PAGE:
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Birch Bay’s Station 49 still in same family, seven decades later

Family amusement center enters summer season with expanded options

Owner Dale Giffen does maintenance on a go-kart at Station 49 on Thursday
Owner Dale Giffen does maintenance on a go-kart at Station 49 on Thursday
By Frank Catalano Business & Work Columnist

Corporate events, too. On Birch Bay Lynden Road, about two miles northeast of the heart of Birch Bay and less than a mile from the water sits a shed full of go-karts. Not just the one suspended on a lift that Dale and Brayden Giffen are working on — go-karts are stuffed into sturdy shelves and a bare frame model sits atop an interior wall.

That tubular metal go-kart, Dale mentions, is from the 1962 World’s Fair in Seattle, broadly known as the Century 21 Exposition.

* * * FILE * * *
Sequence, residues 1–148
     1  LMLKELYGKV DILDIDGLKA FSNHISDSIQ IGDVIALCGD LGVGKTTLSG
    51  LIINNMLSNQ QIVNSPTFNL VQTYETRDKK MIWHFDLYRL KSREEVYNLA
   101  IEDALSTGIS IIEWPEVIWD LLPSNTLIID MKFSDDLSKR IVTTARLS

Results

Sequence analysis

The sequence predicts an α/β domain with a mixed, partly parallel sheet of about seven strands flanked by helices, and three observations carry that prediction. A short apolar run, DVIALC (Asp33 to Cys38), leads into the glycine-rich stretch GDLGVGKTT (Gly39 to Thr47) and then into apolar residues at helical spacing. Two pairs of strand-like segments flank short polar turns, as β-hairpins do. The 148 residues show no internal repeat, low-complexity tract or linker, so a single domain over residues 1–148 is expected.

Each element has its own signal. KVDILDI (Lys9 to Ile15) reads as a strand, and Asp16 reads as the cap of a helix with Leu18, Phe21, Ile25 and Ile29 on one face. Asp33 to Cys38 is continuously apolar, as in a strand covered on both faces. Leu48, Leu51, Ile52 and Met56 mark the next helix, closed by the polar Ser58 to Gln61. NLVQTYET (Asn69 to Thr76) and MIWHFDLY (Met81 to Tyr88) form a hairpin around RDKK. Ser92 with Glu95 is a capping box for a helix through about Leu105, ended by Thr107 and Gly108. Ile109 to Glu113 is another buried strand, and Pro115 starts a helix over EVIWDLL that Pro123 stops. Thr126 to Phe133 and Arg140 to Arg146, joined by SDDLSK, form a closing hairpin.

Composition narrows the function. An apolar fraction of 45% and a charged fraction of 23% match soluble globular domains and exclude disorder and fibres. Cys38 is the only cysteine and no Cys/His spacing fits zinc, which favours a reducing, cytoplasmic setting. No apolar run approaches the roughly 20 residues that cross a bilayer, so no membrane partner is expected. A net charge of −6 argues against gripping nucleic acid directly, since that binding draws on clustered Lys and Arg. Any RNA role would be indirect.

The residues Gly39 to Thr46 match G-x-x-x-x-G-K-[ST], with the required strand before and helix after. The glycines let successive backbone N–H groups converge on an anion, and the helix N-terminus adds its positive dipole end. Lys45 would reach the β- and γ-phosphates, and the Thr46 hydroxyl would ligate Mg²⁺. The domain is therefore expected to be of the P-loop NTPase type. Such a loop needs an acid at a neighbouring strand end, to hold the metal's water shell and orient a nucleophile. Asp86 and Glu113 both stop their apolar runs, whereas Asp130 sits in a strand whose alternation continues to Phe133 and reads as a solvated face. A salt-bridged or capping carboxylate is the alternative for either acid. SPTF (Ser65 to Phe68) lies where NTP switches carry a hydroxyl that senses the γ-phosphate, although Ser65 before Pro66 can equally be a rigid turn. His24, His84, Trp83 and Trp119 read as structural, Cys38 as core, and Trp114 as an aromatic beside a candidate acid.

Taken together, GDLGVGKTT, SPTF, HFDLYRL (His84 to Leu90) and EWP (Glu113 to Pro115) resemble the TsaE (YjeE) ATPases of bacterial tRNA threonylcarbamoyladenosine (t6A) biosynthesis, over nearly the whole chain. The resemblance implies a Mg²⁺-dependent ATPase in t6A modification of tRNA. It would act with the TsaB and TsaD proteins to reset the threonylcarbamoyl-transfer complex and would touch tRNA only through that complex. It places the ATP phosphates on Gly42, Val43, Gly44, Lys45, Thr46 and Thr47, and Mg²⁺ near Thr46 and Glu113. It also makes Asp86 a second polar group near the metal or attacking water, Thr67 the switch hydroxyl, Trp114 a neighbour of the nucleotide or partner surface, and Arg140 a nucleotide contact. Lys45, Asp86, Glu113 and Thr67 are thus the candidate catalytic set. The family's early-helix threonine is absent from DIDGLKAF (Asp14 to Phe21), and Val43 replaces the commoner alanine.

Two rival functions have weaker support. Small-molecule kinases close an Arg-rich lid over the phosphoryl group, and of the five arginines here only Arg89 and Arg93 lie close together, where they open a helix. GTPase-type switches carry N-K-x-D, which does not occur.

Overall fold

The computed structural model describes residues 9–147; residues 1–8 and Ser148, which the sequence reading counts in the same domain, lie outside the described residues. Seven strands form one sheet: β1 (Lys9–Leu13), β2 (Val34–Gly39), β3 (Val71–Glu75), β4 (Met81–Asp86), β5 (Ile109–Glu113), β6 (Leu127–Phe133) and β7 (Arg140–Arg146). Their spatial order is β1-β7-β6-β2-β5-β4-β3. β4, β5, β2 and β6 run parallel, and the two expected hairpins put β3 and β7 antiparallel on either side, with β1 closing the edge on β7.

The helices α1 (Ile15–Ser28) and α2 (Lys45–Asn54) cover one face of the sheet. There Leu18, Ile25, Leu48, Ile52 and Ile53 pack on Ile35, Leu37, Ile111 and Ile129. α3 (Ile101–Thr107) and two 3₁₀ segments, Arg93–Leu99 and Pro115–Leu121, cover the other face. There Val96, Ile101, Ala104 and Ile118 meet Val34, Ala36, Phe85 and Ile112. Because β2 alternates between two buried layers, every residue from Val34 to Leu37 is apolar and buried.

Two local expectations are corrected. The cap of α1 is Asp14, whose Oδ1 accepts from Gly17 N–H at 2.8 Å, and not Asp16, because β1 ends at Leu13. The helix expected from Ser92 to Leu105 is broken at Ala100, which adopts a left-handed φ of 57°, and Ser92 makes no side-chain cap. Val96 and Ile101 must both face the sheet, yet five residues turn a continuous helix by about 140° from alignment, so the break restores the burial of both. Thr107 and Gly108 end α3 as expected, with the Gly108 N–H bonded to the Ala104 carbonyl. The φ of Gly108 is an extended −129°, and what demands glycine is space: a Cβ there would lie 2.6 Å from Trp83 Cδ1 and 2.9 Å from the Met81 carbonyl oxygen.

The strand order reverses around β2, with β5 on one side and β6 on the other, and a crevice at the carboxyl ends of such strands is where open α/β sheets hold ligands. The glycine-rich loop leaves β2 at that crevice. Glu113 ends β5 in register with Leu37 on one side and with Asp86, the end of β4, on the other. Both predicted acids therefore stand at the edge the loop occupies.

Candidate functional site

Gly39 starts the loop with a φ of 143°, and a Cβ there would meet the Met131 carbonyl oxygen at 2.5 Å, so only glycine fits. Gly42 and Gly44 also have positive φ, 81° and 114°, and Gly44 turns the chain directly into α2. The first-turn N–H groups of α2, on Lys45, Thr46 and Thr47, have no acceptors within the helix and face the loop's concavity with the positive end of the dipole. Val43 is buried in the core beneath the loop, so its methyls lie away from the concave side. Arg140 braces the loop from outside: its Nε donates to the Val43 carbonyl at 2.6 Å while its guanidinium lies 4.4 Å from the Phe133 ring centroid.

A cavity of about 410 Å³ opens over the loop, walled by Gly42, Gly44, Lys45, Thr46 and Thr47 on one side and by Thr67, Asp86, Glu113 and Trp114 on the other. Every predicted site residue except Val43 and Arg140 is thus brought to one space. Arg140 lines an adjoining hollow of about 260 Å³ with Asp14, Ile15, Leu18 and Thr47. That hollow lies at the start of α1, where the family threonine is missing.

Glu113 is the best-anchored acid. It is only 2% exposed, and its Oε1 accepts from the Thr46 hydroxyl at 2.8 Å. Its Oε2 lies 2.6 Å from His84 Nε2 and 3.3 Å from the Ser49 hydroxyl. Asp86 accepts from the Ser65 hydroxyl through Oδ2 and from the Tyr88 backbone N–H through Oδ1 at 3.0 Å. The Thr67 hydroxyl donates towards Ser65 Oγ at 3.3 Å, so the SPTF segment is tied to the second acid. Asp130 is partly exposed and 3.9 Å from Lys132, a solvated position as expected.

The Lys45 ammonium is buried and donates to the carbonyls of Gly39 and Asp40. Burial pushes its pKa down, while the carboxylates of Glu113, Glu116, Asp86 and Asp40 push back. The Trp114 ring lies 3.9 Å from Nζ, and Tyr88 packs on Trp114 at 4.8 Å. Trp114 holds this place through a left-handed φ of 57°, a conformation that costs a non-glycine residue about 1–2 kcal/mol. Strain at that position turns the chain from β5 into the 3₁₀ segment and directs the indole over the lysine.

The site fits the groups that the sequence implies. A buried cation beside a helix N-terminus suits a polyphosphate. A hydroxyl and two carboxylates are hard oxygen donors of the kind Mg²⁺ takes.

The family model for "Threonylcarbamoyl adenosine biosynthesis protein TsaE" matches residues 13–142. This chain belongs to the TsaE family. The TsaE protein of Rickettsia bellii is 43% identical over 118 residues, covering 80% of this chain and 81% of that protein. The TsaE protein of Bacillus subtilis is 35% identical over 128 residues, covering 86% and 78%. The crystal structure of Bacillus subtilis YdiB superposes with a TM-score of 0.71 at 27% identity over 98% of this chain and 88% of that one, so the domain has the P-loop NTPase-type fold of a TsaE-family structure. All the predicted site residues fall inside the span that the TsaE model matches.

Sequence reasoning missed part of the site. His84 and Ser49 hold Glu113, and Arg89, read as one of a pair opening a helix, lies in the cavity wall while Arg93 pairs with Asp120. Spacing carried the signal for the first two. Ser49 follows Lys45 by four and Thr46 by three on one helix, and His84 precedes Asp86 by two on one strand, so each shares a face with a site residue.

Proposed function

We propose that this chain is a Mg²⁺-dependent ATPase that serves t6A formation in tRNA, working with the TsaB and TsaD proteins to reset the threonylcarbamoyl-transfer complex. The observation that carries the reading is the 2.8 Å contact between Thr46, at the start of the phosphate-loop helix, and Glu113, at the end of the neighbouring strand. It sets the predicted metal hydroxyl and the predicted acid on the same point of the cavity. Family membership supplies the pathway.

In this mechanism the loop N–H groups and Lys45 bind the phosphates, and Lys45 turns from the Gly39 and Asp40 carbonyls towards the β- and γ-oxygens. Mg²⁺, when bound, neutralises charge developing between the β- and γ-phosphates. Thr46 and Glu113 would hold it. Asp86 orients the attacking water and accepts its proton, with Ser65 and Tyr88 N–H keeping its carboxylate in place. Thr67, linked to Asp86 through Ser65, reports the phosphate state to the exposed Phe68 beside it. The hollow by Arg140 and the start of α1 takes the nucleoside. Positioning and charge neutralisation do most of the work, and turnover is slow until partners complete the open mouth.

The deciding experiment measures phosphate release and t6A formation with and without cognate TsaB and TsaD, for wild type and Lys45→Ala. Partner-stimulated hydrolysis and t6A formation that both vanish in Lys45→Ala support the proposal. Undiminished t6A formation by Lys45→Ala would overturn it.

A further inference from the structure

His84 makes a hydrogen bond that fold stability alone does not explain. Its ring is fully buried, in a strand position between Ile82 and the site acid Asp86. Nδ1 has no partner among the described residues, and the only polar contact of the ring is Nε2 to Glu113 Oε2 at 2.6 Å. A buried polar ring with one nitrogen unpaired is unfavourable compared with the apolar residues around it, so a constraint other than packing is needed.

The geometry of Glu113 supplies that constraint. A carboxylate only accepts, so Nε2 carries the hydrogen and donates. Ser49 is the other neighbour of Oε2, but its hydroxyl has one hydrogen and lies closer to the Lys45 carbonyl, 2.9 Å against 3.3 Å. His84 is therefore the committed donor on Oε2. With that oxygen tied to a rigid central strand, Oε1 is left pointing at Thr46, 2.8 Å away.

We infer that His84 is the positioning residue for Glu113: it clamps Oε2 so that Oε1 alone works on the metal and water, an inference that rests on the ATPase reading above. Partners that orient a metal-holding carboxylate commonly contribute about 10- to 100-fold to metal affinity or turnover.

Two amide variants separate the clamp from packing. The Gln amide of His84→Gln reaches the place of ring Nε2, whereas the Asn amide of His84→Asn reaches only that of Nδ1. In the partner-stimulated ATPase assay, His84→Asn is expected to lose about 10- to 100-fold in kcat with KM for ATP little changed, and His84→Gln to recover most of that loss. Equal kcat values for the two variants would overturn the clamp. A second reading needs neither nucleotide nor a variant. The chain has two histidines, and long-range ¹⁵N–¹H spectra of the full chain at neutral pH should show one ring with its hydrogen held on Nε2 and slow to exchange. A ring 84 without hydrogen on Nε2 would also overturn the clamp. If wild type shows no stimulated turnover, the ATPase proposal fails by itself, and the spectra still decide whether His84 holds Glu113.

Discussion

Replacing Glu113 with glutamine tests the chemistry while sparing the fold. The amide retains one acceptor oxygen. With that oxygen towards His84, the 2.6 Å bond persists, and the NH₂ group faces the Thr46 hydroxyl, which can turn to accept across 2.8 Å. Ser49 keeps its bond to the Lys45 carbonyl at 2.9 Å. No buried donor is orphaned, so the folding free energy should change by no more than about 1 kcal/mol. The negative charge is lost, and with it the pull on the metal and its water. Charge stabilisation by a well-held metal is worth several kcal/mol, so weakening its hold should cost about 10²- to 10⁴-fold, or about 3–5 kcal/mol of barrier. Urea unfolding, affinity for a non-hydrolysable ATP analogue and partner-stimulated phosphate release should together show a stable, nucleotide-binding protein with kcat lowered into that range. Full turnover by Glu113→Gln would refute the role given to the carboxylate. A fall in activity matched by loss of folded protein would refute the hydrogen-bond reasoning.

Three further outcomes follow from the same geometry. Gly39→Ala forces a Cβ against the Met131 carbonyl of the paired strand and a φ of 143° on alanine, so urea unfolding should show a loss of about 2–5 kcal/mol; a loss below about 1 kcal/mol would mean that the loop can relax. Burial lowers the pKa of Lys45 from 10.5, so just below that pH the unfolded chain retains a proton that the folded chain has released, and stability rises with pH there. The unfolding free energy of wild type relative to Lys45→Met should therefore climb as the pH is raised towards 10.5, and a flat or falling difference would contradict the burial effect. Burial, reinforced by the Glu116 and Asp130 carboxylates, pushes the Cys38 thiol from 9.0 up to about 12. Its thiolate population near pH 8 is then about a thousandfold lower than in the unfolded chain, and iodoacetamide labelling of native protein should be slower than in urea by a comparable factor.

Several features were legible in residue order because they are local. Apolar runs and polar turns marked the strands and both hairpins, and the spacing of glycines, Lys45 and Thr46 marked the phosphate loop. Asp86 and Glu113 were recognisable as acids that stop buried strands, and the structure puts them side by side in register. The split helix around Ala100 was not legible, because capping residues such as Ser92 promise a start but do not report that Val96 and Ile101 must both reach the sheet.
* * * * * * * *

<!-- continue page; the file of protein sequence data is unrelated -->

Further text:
The ongoing maintenance  — and history — are hallmarks of Station 49, a small business with an outsized impact on seasonal fun in the area. The 10 acres at 4620 Birch Bay Lynden Road are home to a go-kart track, woodsy miniature train ride, challenging 18-hole miniature golf course, arcade, and the newest attraction, a 25,000-square-foot family bar and entertainment area. 

All of it has been owned and operated for nearly seven decades by the Giffen family. Dale Giffen said he bought the business, founded in the 1950s, from his father “a few years ago” after his father had owned it for more than 30 years. His father, in turn, had earlier purchased it from what Dale recalled was his great-uncle. 

Now the amusement center is run by Dale, his son Brayden and their respective spouses Sheila and Kimberlee Giffen.